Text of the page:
If you use a medium format technical camera with near-symmetrical wide angle lenses such as the Schneider Digitar 28mm or 35mm it's likely that your file will contain some crosstalk, especially if the lens is shifted (due to the low angle of incoming light from these lenses some light leaks over to the next pixel on the sensor), and in this case you can get mazing artifacts with AMaZE and DCB because of green channel separation caused by the crosstalk. If you, via adapters, combine a mirrorless camera with a wide angle lens designed for film, you may also get crosstalk. It can then be better to use the more robust VNG4 algorithm (Variable Number of Gradients) which handles this situation well, at the cost of some fine detail. An alternative is to enable green equilibration to even-out the green channel differences.

AHD (Adaptive Homogeneity-Directed), EAHD (Horvath's AHD) and HPHD (Heterogeneity-Projection Hard-Decision) are old methods which are generally slow and inferior to the other methods.

None means no demosaicing is performed. This can be useful for diagnostics, but you would not use it for photography.

Mono is only useful for users of either monochrome cameras, or cameras with the color filter array removed.

Fast is a very fast but simple and low quality demosaicing method, not recommended.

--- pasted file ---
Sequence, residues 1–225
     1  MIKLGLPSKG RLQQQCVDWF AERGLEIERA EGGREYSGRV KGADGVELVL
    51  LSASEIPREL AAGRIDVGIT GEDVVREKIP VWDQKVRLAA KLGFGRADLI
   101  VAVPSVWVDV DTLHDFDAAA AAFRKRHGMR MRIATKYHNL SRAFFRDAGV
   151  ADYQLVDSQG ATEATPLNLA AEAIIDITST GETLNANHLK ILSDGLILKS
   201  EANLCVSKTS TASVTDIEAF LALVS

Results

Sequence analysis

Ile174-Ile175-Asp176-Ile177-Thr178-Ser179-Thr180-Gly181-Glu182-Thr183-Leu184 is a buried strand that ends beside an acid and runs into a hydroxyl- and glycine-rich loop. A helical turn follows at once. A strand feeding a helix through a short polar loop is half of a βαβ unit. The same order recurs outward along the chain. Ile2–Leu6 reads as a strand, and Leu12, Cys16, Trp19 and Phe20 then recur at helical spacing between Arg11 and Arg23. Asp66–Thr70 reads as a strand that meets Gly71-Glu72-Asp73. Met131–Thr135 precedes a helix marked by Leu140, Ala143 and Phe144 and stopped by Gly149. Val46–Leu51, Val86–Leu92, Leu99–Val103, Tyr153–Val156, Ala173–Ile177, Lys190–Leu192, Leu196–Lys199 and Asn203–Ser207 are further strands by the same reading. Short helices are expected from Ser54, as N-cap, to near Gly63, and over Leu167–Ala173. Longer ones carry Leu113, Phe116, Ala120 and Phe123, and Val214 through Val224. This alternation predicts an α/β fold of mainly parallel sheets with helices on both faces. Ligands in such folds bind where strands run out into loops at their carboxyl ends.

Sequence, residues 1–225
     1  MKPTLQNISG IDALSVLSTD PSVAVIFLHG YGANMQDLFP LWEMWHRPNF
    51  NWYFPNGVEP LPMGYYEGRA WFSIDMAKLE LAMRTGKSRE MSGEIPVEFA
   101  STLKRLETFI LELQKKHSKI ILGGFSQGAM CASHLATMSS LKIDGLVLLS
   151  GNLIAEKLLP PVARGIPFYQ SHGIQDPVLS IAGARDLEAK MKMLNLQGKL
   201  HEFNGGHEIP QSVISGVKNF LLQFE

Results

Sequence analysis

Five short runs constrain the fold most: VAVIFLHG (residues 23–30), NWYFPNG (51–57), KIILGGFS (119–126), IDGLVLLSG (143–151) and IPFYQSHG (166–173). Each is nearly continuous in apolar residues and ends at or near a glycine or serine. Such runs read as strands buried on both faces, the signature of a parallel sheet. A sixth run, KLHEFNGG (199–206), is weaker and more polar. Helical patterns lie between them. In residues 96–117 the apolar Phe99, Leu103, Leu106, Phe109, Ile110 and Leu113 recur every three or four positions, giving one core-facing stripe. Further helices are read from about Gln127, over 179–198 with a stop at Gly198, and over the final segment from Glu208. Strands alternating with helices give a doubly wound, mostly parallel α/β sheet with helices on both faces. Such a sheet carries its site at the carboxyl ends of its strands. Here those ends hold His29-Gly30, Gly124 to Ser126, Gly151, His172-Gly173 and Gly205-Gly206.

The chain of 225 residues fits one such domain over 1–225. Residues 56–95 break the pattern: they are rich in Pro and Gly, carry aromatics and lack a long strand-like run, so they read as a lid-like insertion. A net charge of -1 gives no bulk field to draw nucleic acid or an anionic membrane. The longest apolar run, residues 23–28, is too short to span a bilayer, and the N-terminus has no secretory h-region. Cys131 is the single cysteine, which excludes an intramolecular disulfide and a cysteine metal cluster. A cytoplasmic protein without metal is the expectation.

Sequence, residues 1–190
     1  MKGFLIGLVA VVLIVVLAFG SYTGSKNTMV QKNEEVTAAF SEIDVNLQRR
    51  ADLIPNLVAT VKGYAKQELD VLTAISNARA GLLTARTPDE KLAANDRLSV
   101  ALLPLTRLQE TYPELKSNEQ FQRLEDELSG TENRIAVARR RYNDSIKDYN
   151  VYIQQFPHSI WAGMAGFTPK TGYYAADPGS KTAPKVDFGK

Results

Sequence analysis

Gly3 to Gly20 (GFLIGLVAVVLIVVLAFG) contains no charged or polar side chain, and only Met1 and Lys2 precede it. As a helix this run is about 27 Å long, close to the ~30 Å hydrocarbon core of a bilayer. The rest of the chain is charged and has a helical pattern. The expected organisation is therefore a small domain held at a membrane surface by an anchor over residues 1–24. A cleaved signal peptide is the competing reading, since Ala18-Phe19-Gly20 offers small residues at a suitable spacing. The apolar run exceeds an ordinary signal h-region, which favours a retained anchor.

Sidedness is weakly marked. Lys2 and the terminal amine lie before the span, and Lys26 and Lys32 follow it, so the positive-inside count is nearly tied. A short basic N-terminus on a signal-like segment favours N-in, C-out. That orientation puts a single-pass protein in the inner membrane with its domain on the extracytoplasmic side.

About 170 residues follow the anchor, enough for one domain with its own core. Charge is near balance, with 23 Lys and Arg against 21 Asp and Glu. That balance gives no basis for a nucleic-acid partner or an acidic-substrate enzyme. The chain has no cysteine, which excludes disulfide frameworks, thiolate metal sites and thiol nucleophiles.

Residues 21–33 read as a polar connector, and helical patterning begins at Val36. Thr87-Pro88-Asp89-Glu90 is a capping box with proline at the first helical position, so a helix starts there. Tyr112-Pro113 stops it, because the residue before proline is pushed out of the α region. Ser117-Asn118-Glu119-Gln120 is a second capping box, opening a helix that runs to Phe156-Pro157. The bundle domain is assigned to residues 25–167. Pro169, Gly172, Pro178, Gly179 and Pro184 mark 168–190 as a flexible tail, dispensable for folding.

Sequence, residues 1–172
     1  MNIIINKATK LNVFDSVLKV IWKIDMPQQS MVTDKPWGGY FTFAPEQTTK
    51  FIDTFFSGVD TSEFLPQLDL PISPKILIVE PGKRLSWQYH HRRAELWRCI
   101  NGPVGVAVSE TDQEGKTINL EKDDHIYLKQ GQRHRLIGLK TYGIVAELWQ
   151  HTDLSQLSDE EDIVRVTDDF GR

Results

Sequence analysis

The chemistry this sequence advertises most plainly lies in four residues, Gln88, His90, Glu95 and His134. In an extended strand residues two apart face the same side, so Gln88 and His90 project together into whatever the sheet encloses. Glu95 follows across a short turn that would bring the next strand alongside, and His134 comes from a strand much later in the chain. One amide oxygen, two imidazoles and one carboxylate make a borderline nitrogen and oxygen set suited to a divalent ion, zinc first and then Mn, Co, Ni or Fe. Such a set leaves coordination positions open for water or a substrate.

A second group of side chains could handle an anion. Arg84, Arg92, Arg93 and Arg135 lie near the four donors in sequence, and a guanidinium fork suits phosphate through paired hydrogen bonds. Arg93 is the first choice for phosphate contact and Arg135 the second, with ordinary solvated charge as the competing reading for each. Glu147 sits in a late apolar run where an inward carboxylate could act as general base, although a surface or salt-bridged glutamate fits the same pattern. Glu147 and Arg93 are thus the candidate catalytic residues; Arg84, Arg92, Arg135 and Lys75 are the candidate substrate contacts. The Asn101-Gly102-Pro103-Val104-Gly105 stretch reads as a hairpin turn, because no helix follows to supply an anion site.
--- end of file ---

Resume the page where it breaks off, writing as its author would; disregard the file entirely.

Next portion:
3-Pass is a demosaicing method for cameras with X-Trans sensors (Fuji). It runs three passes over the image which leads to sharper results though you can only see this on low ISO photos. It is slower than 1-Pass.

1-Pass is a demosaicing method for cameras with X-Trans sensors (Fuji). It is faster than the 3-Pass method though a bit inferior in quality, though this difference is only visible in low ISO shots, so if speed is an issue you can use this method on high ISO shots with no visual difference in quality.

False Color Suppression Steps

Sets the number of median filter passes applied to suppress demosaicing artifacts when applying the demosaicing algorithm. False colors (speckles) could be introduced during the demosaicing phase where very fine detail is resolved. False color suppression is similar to color smoothing. The luminance channel is not affected by this suppression.

False colors are generally more apparent in images from cameras without anti-aliasing filters. Note that it is foremost the chosen demosaicing algorithm which is the deciding factor in how prominent will be the false color problem with which you will have to deal. In some situations it may be better to change the demosaicing algorithm than to enable false color suppression, as the latter reduces color resolution.